UK reveals plans for its 6th generation fighter
British government unveiled a mock-up of Tempest fighter and plans for the successor to the Eurofighter Typhoon
The UK was responsible for creating some of the most famous fighters in history such as the Spitfire, Hunter, Hurricane and Tempest, but since the Harrier does not manufacture such a plane on its own. This scenario should change over the next decade with the Future Air Combat strategy presented at the opening of the Farnborough Air Show.
Faced with a full-scale mock-up of the 6th-generation fighter, the British defense secretary has anticipated plans to build a successor to the Eurofighter Typhoon fighter, which has been the country’s front line since 2003.
“We have been a world leader in the combat air sector for a century, with an enviable array of skills and technology, and this Strategy makes clear that we are determined to make sure it stays that way. It shows our allies that we are open to working together to protect the skies in an increasingly threatening future – and this concept model is just a glimpse into what the future could look like”, Defence Secretary Gavin Williamson.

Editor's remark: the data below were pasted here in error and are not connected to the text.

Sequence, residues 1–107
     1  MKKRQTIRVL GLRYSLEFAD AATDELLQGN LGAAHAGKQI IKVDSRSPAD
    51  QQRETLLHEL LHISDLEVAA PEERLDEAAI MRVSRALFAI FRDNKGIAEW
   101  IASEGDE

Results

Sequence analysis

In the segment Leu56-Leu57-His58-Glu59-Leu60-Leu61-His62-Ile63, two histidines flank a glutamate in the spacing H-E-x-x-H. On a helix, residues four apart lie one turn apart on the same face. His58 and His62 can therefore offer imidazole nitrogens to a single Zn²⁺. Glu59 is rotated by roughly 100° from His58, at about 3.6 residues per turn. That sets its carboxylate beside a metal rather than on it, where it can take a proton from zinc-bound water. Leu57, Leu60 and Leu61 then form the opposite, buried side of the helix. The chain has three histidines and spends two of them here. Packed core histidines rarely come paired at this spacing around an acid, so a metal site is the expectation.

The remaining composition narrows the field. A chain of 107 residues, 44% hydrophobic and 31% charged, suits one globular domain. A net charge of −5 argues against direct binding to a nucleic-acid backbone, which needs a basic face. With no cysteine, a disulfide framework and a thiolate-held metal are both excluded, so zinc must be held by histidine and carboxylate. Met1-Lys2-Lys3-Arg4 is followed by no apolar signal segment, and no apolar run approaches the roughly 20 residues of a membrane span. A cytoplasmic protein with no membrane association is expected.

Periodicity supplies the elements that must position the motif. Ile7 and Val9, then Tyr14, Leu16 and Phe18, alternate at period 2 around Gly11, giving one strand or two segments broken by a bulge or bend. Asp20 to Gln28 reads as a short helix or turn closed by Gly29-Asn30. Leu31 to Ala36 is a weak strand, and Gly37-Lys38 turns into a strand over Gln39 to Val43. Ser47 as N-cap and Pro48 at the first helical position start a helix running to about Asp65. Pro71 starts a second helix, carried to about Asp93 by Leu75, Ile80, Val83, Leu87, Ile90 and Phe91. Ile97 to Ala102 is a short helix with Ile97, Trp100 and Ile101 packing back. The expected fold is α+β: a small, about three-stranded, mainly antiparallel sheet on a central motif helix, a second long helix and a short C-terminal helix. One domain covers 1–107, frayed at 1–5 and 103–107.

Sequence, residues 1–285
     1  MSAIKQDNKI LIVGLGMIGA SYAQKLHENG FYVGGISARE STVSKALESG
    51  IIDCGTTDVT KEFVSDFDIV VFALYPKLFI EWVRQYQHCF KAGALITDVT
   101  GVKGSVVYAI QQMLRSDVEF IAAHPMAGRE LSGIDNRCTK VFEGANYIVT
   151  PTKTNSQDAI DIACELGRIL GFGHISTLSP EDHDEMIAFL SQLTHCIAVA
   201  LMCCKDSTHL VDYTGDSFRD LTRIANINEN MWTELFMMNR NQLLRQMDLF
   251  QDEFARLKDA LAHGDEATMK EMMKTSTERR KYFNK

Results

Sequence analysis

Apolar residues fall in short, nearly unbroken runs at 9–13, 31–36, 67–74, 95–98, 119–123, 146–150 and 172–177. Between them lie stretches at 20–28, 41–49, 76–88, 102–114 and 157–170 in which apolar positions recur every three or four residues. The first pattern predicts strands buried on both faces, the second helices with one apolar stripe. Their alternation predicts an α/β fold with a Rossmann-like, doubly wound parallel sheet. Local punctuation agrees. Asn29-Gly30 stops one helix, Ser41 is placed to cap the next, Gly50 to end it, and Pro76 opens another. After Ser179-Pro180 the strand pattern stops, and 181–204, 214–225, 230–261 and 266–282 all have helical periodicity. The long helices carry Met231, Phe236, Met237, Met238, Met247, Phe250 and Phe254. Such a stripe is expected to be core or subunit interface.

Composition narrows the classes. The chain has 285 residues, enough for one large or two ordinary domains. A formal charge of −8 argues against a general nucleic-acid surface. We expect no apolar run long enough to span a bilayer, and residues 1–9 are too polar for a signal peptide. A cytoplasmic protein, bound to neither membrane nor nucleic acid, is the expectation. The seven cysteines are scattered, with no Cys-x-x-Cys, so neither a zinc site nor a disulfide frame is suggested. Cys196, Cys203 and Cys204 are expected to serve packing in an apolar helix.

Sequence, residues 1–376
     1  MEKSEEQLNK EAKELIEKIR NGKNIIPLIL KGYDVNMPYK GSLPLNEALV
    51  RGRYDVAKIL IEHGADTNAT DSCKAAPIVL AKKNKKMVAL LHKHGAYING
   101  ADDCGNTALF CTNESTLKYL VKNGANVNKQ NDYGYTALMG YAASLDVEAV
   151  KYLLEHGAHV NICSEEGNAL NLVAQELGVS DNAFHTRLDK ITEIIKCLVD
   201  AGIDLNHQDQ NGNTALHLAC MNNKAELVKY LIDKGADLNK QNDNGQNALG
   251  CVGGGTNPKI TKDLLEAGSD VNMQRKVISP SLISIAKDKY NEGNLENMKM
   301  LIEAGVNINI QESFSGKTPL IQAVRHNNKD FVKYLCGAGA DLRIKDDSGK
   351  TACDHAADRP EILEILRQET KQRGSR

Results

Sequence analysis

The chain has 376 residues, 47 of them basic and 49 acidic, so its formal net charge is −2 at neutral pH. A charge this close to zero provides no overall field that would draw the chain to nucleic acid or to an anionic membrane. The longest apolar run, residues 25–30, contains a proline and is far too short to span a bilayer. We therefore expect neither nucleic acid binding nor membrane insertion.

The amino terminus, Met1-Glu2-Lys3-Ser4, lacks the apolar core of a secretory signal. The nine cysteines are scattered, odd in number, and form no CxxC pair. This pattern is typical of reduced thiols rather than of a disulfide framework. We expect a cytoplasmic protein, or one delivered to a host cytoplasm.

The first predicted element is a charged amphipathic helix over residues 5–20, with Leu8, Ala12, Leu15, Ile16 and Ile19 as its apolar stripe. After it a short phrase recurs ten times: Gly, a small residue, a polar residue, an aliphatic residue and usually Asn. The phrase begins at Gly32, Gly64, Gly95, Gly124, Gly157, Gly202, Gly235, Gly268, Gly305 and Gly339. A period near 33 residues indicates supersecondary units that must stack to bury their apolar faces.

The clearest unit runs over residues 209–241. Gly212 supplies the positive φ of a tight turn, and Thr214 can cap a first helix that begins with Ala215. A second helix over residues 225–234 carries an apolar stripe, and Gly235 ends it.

Rescuing the name Tempest, a fighter used by England in World War II, the new aircraft will be developed by BAe Systems with support from Rolls Royce (engine), Italian Leonardo and missile manufacturer MBDA.
The concept presented at the show has stealth design like other models of the type, but without horizontal stabilizers or canards. It recalls the American F-22 Raptor from some angles but on a somewhat smaller scale.
It is in the technological package, however, that the project should stand out. The propulsion system will be adaptive and the pilot will wear a virtual cockpit helmet. It will have manned and unmanned versions plus a collection of advanced weaponry.
With operating horizon as of 2035, Tempest could receive the collaboration of other countries like Japan, Turkey, South Korea and Sweden and even with France and Germany, that already decided to develop their fighter together.
There is even hope that the two programs will eventually be merged, which would certainly reduce costs and boost production numbers, but it is not today that Europe is unsuccessfully trying to develop an integrated project. Usually some country ends up walking its own way. This was the case in the 1980s when the Eurofighter had competition from the French Rafale.
The end of the story ended with two planes with few clients external customers. May it be a lesson for this new generation of fighters.